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Contract Managers vs Project Managers


Contract managers and project managers are integral members of many business teams. Although their roles and responsibilities are similar, and in some instances may even overlap slightly, these are distinct positions requiring unique knowledge and skills. For simple contracts and projects, it is often possible and economical to utilize one team. However, for more complex endeavors, it is generally best to rely on separate teams with content-specific expertise. Here are some key differences between contract managers and project managers.

Contract Managers

Contract managers solely focus on the contracting process. For companies that regularly enter into contracts with other firms and/or clients, it is imperative for the contracting cycle to be tightly controlled. Incompetent negotiating, ill-written contracts, and/or lack of oversight can result in serious breaches, which often lead to costly contract disputes. An appropriately trained contract management team will help ensure that contracting partners are properly vetted, the agreed upon contract terms are fair and beneficial to all parties, and the risks associated with any contracting relationship are mitigated.

Contract managers must be adept at research, risk analysis, and cost-benefit assessments. Keen attention to detail and fastidious organizational skills are also vital. Contract managers often work in conjunction with the legal and financial teams of a company given the legal ramifications inherent in the contracting process. As a result, they must have a strong understanding of the risks of each prospective contract and the potential legal and financial consequences associated therewith.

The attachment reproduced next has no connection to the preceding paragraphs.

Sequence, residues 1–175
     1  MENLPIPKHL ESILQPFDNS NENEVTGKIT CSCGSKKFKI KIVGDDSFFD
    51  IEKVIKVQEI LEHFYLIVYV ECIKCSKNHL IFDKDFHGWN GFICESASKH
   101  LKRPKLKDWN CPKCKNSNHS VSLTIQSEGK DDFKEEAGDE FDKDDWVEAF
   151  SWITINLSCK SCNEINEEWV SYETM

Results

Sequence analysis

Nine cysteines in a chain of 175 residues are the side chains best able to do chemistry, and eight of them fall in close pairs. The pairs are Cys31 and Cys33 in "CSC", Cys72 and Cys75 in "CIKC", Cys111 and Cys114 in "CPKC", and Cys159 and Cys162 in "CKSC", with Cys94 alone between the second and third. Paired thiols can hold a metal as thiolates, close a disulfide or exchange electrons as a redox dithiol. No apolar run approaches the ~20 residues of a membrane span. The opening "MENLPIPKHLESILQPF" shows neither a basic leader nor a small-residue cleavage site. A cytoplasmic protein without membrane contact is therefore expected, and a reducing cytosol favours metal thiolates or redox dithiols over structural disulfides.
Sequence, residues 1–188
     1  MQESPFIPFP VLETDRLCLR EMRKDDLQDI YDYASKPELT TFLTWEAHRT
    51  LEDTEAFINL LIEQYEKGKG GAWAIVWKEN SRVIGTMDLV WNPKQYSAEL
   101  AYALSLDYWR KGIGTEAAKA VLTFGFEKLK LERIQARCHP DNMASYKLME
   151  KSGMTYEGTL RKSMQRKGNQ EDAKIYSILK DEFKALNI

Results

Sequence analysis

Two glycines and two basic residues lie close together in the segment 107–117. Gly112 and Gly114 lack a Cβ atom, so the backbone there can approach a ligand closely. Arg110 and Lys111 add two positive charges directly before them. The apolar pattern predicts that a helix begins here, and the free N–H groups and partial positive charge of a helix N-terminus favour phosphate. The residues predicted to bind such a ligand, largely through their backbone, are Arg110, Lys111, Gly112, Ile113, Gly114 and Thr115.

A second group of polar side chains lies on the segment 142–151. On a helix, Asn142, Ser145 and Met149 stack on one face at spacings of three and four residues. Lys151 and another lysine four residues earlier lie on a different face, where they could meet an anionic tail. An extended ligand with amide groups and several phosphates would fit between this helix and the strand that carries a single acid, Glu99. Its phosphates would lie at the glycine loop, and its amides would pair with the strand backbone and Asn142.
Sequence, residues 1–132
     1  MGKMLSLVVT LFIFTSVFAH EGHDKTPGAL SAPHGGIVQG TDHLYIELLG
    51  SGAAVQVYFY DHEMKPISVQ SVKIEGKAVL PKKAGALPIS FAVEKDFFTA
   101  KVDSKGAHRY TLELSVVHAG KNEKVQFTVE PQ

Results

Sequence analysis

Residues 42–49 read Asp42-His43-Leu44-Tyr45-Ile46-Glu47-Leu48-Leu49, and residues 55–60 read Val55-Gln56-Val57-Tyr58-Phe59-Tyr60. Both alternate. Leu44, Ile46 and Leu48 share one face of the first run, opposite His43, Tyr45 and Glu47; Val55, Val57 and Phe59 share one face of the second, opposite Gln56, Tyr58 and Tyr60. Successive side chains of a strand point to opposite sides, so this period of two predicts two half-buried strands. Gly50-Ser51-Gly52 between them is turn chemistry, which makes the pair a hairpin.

In virtually all contracts, time is of the essence, so contract managers generally rely upon purpose-built contract management software to facilitate oversight of a company’s contract portfolio. A robust contract management solution simplifies the tracking of important contract matters such as critical deadlines, delivery schedules, and renewal or cancellation provisions. In addition, an online contract database can serve as a secure, central repository. This streamlines collaboration among the internal contract management team, and it facilitates communication with external parties as well.

Project Managers

Project managers may be involved in the contracting process in some fashion, although that usually is not their primary focus. Entering into a contract may be one part of a larger project, but project managers are generally responsible for monitoring the progress of the project in its entirety. For example, project managers often oversee the development of a good or product or the launch of a specific service or software. Thus, project managers may help source parts, establish a budget, and create a timeline for the project completion. Throughout the life of the project, project managers often play a crucial role in just about every facet of the process.

For this reason, project managers, like contract managers, must be highly detail-oriented, punctual, and organized. Project managers often coordinate with contract managers with respect to any contracts that are created in relation to a project, and thus they likely access the same contract management software. Of course, given the breadth of their responsibilities, project managers no doubt utilize other technology as well, such as a virtual data room (VDR) to safely store and share project data and customer relationship management software (CRM) to monitor customer interactions. 

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